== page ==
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The Poker Shrink, Vol. 47: Convergent/Divergent Thinking

The Poker Shrink, Vol. 47: Convergent/Divergent Thinking 0001

Who doesn't marvel as Daniel Negreanu makes those unbelievable reads on television? I mean, who doesn't want to say, "I am folding my quads to your royal flush," and be right? But be careful, trying to be as good and as entertaining as professional poker players can have its pitfalls. Trying to be too good of a reader can hurt you at the poker tables.

In psychology, when someone is trying to find that one perfect, exact answer; we say they are engaged in convergent thinking. This is process in which a person attempts to find the one, true and single correct answer to a question, a question such as: "What is the speed of a comet?" But convergent thinking may not be the best course of action, if your question is, "What is my opponent holding?"

We were all taught when we first learn to "read" other players that we should try to put our opponent on a range of hands. This is called divergent thinking, which is simply the thought process where you attempt to find many possible responses to a single question. Divergent thinking is very useful at the beginning of a research project, when one tries to figure out what possible answers must be tested. But more importantly for our poker application, divergent thinking allows us to consider that there really is more than one answer to the question. "What does he have in his hand?"

Players open with a range of hands and if you narrow that range too quickly, you can easily be tricked by a weak holding developing into a winner. If you put a player on A-K pre-flop and the flop comes J-4-2, you might bet hard with any pair. But if you had put the player on A-K, A-Q, A-J or any middle pair, then you have some cause to be cautious.

The second part of this divergent/convergent process is not to get too confident. I know a very successful NLHE cash player who always sits down with the maximum buy-in and tries to lose his first two or three hands. Really. He plays loose and shows his hands a couple of times in the first round after he sits down. He also orders a drink and loudly tells the cocktail waitress that he expects to see a lot of her, he then tips her big for everyone to see. He is trying to get other players at the table to make a convergent read that he is loose, aggressive and quite frankly stupid. He also is loud, overbearing and has too much money, which he does not value at the poker table.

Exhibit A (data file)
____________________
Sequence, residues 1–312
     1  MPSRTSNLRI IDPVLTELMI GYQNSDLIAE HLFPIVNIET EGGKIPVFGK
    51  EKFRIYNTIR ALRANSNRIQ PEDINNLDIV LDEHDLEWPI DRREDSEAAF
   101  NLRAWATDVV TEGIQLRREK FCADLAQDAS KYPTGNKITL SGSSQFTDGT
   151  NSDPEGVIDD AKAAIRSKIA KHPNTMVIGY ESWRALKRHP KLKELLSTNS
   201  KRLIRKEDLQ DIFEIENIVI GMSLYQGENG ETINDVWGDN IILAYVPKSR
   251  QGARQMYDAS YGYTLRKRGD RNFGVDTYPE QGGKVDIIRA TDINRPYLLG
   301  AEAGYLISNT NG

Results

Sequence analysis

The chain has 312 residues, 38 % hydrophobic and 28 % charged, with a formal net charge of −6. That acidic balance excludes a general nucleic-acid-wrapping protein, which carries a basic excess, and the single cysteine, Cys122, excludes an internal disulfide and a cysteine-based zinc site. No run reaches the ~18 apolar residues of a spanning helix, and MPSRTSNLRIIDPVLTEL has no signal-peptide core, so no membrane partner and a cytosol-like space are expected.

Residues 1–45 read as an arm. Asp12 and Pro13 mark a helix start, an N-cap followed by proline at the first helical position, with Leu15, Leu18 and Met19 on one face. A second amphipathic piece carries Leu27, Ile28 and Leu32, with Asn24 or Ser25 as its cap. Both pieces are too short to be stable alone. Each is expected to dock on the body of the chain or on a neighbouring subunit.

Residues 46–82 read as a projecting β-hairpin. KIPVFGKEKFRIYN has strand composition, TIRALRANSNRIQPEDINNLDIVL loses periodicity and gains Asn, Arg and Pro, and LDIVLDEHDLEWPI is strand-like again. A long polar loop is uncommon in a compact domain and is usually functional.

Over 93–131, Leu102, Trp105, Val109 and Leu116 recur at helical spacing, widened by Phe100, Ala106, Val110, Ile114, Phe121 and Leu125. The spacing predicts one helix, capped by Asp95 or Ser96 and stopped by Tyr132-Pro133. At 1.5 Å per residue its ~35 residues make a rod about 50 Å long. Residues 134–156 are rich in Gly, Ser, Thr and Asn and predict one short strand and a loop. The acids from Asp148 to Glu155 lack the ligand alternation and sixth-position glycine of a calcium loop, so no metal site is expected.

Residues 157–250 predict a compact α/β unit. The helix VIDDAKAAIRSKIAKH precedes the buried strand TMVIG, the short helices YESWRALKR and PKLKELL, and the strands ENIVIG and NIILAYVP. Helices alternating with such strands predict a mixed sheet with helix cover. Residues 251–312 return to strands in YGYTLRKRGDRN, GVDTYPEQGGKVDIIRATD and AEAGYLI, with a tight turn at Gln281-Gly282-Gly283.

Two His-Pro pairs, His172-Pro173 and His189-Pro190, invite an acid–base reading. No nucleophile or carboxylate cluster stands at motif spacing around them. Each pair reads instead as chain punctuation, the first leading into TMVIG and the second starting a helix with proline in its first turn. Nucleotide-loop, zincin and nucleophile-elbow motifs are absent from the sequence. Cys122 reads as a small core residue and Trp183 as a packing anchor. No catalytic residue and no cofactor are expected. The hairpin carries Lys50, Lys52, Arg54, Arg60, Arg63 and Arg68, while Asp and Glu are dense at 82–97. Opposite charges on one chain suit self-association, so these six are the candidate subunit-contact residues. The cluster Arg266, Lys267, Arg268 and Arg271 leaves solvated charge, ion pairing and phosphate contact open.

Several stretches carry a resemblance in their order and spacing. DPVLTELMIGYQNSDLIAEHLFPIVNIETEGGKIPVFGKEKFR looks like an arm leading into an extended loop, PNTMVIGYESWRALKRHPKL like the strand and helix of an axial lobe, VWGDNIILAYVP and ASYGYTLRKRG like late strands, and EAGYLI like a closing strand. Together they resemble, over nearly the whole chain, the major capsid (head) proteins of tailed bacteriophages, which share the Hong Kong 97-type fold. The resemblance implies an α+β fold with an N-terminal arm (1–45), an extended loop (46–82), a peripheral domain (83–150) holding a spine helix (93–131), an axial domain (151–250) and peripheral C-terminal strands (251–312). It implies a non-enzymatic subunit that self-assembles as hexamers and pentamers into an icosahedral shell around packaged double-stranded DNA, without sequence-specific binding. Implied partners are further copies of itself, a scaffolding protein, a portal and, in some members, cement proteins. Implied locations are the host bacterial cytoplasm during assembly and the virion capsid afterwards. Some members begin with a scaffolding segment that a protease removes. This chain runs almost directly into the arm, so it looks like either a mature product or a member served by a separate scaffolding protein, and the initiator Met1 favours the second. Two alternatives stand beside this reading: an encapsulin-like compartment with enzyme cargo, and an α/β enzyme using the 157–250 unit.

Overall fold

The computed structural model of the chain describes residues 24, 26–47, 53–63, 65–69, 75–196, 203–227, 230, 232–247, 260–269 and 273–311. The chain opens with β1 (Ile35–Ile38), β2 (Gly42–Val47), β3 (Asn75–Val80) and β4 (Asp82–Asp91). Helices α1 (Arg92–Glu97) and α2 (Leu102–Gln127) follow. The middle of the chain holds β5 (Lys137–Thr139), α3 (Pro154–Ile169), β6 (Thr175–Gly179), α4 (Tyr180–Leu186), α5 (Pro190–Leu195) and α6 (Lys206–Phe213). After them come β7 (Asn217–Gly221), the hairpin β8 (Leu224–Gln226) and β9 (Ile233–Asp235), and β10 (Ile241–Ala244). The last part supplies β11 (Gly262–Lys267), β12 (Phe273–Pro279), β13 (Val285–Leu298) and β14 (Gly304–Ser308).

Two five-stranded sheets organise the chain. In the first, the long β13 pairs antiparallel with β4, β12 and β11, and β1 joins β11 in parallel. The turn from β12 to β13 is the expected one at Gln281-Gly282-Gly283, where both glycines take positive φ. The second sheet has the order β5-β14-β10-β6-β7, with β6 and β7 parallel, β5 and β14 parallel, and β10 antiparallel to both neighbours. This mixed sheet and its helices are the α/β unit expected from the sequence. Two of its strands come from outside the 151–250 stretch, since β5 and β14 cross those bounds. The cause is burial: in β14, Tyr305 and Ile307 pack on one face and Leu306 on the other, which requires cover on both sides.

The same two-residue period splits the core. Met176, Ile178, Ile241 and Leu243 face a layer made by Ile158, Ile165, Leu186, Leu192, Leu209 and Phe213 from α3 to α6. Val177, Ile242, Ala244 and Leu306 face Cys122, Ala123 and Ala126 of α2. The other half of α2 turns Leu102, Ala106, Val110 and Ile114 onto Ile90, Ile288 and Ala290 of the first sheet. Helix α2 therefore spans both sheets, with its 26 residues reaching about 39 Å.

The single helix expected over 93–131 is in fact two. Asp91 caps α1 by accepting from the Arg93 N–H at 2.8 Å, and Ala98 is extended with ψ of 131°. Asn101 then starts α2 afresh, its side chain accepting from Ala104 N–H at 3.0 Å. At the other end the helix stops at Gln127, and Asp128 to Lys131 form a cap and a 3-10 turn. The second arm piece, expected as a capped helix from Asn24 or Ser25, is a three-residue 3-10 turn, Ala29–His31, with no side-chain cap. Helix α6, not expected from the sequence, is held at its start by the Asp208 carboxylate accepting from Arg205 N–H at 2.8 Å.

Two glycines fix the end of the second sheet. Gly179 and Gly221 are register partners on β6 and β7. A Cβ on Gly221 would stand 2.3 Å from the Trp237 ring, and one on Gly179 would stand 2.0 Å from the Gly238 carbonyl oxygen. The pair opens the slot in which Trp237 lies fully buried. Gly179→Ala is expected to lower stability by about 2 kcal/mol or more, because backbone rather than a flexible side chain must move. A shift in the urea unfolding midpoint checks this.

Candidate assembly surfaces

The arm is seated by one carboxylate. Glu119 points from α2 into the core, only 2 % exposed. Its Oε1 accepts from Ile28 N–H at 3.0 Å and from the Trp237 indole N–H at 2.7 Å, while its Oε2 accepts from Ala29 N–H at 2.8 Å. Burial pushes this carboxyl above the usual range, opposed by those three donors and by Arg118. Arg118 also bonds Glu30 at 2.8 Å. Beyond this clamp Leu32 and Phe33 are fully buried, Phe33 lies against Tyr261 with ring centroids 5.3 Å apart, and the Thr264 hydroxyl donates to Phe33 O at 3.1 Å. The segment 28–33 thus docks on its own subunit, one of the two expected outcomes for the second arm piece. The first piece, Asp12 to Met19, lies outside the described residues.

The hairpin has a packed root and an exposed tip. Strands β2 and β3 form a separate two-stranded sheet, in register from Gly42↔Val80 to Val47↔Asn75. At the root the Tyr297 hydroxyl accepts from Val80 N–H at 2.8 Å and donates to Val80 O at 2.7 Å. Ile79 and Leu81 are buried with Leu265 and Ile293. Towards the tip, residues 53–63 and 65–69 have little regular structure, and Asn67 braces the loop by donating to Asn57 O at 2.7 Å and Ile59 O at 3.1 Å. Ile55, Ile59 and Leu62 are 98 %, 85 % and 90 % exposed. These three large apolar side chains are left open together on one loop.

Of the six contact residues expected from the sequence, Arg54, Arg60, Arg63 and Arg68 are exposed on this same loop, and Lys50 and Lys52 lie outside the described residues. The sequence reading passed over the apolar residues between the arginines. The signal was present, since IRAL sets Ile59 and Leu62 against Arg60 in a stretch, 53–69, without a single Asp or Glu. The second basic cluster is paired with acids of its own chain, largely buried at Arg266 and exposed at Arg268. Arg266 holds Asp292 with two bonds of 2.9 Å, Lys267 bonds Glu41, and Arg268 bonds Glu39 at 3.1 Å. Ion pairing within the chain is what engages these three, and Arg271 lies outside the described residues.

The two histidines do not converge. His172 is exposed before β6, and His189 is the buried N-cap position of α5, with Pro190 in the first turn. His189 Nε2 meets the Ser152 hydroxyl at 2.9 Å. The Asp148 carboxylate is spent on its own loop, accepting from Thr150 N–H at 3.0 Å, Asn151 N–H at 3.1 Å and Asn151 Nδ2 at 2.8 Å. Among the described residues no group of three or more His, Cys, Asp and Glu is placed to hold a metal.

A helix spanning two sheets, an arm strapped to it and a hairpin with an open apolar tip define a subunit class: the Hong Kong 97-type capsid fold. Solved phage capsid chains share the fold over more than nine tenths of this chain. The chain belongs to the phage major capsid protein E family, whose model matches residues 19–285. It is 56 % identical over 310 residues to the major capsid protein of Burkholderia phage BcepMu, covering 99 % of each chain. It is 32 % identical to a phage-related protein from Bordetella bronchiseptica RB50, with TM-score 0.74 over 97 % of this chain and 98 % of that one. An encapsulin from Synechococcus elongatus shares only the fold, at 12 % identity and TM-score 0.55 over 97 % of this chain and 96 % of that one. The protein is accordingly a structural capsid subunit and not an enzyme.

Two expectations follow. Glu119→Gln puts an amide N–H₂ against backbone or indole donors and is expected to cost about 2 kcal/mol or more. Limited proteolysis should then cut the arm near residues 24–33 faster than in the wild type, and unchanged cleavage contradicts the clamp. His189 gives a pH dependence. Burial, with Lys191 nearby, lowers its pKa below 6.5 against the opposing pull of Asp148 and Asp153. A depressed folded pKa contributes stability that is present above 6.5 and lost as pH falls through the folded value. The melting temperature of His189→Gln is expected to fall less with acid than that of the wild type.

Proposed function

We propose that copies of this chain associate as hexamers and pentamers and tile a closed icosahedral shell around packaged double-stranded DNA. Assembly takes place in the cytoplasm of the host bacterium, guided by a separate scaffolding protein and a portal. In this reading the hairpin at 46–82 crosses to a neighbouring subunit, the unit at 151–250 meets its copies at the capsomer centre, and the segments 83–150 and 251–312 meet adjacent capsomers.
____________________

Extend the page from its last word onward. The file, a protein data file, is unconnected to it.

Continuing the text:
The divergent thinking process in response to his "coming to the table" actions is either that, "Yes, he is an idiot and a cash machine," or that, "No, he is setting you up and will lose sixty bucks early to win your stack later." Guess what? It works.

Okay, so you are going to leave your options open and engage in divergent thinking. You are in a showdown situation and you are reviewing the betting: "Did you actually call my opening raise with a three in your hand? I can beat your two pair, but trip threes is a winner…." As you reconstruct how the hand was played, in order to decide if you are going to make the big call on the river; you have a distinct advantage in recreating the hand if you engaged in divergent thinking. If A-3 suited was a possibility for this player pre-flop, then it does have to be considered on the river. But if you have been reading this player all night and he never played a small ace to an opening raise, then your divergent thinking should have already ruled out A-3 and you can confidently make the call.

Divergent thinking works both ways. You not only leave yourself open to possibilities, you also can close off some of those haunting draws when you have divergently put your opponent on hands for several hours. Knowing what he doesn't have is sometimes just as important as what he does.

What do you think?

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